International adoption: Immunization considerations
- Mary Allen Staat, MD, MPH
Mary Allen Staat, MD, MPH
- Professor of Pediatrics
- Cincinnati Children's Hospital Medical Center; University of Cincinnati
Each year thousands of children immigrate to the United States through international adoption. Internationally adopted children are at increased risk for common infectious diseases such as tuberculosis, intestinal parasites, skin infections, and infestations because they come from resource-poor countries where these conditions are common. Assuring that these children are protected against vaccine-preventable diseases often can be challenging. Many internationally adopted children have poor documentation of immunizations from their birth country or may not have had the opportunity to have received the vaccines routinely given in the United States.
Immunization of internationally adopted children and their close contacts will be discussed here. Infectious diseases in international adoptees and general issues related to adoption are discussed separately. (See "International adoption: Infectious disease aspects" and "Adoption".)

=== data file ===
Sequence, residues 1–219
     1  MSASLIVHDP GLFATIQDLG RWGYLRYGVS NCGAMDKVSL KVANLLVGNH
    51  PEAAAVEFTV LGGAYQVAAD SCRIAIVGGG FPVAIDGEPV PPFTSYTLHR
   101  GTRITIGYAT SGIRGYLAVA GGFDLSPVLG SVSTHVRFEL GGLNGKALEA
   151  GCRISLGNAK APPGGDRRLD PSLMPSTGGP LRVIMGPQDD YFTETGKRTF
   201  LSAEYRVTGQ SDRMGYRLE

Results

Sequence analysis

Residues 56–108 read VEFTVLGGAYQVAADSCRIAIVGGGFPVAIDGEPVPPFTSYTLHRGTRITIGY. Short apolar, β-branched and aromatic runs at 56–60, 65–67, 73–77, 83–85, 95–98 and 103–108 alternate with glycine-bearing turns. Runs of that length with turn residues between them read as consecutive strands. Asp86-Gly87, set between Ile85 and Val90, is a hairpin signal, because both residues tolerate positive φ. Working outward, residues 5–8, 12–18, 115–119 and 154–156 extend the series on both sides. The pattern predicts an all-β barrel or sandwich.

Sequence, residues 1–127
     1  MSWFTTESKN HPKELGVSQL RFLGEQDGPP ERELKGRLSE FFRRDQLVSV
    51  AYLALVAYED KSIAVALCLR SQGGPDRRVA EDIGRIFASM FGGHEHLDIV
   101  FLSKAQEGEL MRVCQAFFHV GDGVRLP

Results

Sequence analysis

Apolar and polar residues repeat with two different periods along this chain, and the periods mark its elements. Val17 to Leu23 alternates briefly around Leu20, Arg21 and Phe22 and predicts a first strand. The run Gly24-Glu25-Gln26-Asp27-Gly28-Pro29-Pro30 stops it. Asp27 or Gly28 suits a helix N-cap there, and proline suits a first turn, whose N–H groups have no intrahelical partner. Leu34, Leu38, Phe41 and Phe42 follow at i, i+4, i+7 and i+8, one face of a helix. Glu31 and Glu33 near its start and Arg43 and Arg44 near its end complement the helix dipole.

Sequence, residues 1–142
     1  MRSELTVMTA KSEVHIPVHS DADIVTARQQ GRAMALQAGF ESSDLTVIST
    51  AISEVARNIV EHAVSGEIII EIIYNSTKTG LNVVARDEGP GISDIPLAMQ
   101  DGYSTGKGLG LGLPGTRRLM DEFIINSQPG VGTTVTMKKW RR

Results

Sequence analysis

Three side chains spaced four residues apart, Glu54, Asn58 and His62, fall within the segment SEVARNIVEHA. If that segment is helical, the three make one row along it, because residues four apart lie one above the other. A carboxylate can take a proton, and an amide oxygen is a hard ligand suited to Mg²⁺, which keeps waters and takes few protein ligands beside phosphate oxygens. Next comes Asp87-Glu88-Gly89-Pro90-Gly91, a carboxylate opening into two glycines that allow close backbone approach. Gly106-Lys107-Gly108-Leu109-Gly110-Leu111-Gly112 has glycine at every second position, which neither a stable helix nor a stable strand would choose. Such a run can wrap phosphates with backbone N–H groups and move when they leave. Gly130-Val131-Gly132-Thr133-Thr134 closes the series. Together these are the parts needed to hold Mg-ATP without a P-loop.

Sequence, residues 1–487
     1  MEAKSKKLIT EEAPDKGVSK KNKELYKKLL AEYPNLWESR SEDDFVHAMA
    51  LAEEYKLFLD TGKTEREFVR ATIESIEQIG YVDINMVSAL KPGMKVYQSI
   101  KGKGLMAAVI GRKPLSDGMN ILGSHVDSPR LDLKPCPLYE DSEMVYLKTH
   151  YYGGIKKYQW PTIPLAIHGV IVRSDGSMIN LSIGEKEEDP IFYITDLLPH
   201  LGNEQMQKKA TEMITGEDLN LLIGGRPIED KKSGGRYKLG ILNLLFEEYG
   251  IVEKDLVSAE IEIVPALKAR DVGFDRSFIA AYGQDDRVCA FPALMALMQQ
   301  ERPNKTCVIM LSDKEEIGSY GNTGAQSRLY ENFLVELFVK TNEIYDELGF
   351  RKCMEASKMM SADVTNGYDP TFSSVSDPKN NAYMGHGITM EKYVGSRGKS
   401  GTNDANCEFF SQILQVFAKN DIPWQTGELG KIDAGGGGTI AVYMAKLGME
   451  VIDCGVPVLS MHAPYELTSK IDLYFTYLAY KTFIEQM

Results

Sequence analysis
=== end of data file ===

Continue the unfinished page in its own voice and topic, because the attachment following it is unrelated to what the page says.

IMMUNIZATIONS FOR INTERNATIONAL ADOPTEES
Immunizations in the country of origin — Routine immunization schedules vary from country to country and are available for specific countries through the World Health Organization. Most children arrive to the United States with documentation of some immunizations from their birth country. Children often receive some immunizations during the exit evaluation in their country of origin.
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- IMMUNIZATIONS FOR INTERNATIONAL ADOPTEES
- Immunizations in the country of origin
- Immunization after adoption
- - Valid immunization record
- - Unknown or uncertain immunization
- Serologic testing
- IMMUNIZATIONS FOR FAMILY MEMBERS AND CONTACTS
- Routine immunizations
- Hepatitis A vaccine
- Hepatitis B vaccine
- Additional immunizations for travel
- SUMMARY AND RECOMMENDATIONS